After adjusting for updated testing information, the number of COVID-19 cases statewide now stands at 736. The number of deaths remains at 17.

daveiam/Flickr / CC 2.0 license

Updated: 6/10/2020, 1:11 p.m.

Where we stand

Four new cases of COVID-19 have been reported today by the state health department. All of the cases have been reported on Oahu. 

Pixnio

Updated  6/10/20 5:10 p.m.

The Hawaii Department of Human Services updated its classroom capacity guidelines Tuesday back to pre-pandemic ratios which are:

  • For three-year-olds, 12 children to one teacher
  • For four-year-olds, 16 children to one teacher
  • For five-and-over, 20 children to one teacher

Many child care providers are now reopening as more parents return to work. However, the added restrictions for social distancing have limited the number of children they can accept back. 

Rudy and Peter Skitterians/Pixabay / Pixabay license

The daily stream of COVID-19 news is unending. In its rigid grip, we can easily miss the Hawaii stories of struggle and quiet heroism that are playing out in our backyard. Here is a compilation of voices we've heard. And we look forward to hearing yours. Call our talkback line at 808-792-8217 or e-mail us at talkback@hawaiipublicradio.org

Cory Lum / Civil Beat

The state Department of Education recently released guidelines on reopening public schools. However, several members of the state Board of Education and the state teachers union took issue with some of the procedures on Thursday.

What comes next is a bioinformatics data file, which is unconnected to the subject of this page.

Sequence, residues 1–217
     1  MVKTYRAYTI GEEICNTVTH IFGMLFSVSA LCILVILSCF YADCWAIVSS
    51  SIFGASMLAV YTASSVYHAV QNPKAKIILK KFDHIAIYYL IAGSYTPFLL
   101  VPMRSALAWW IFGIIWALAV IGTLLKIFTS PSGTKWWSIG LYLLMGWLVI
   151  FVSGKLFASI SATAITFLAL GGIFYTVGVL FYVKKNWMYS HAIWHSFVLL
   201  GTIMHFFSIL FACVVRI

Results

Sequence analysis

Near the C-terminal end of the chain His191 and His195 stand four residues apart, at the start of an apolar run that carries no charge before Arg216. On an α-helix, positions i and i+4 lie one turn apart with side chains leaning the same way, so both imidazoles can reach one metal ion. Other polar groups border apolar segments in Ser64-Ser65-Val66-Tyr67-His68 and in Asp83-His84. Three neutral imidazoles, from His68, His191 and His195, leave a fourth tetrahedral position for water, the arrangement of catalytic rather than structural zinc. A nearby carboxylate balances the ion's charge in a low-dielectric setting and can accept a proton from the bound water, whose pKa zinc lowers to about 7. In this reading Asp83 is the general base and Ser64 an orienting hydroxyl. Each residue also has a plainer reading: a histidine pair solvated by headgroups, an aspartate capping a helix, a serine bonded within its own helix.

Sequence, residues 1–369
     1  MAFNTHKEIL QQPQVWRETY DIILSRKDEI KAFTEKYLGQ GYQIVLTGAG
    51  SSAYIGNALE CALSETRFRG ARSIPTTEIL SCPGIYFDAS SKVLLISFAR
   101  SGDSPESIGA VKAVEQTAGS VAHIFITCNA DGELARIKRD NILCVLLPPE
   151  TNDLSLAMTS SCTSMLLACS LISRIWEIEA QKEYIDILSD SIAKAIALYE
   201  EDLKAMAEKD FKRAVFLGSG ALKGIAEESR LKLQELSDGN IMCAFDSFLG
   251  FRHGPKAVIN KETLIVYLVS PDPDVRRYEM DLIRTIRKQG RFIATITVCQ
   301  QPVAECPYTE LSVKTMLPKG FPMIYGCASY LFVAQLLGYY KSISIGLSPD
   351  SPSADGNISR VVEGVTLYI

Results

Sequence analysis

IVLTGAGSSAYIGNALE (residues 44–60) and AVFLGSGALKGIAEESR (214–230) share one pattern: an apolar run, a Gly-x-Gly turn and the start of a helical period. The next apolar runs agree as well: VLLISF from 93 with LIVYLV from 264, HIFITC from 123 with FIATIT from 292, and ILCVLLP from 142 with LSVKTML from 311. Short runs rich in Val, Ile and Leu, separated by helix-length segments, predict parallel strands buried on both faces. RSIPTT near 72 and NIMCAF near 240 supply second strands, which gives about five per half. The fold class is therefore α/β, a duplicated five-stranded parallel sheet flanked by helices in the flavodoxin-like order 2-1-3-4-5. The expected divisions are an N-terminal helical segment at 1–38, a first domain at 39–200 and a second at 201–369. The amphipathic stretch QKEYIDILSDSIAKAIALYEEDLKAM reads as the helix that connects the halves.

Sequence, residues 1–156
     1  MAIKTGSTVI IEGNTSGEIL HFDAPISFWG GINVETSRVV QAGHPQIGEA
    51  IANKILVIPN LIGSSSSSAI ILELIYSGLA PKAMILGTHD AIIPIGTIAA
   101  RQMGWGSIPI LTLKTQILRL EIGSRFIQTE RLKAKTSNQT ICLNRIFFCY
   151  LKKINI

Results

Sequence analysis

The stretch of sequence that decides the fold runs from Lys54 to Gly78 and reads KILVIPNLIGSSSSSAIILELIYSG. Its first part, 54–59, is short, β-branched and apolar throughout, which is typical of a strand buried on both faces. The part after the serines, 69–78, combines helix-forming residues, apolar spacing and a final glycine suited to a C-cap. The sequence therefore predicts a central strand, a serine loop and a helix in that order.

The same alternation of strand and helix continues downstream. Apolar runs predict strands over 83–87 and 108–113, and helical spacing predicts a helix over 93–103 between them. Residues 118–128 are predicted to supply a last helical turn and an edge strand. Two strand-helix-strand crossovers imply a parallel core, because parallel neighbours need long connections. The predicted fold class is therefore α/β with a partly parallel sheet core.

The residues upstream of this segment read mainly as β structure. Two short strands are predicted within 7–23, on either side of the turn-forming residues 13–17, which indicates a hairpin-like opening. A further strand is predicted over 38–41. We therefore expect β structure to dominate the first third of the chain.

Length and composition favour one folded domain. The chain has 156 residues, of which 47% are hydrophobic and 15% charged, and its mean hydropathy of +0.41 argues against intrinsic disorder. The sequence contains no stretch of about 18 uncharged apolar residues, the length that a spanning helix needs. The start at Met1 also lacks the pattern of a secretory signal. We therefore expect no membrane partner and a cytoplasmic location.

Wikimedia Commons

When Hawaii students return to classes in the fall after completing the last months of the school year through distance learning, many may have lost the earlier progress they made for lack of in-person instruction.

 

Hawaii State Department of Education

The Hawaii State Department of Education is closing about a third of its grab ‘n go food sites for the summer, and many more are taking a break until June 8th.

Hawaii’s public school students have been learning remotely since March due to the COVID-19 outbreak. However, some elementary schools are having an easier time than others because so much depends on a student’s access to the internet. 

Wokandapix / Pixabay

The Hawaii State Department of Education will begin offering summer school on June 1. The classes will be provided with a mixed approach of both distance learning and in-person instruction.

 

AP Photo/Seth Wenig

Updated: 5/19/2020, 9:06 a.m.

As more people in Hawaii take the COVID-19 antibody test, their results are providing information about how far the virus has spread statewide. While an antibody test cannot determine if a patient is currently sick, it can detect if someone had been infected by showing if someone has the antibodies produced after exposure to coronavirus.

Casey Harlow/HPR

Hawaii received another $50 million of federal funding to expand contact tracing and COVID-19 testing. The state Department of Health hopes that about half will be spent on improvements on the state laboratory.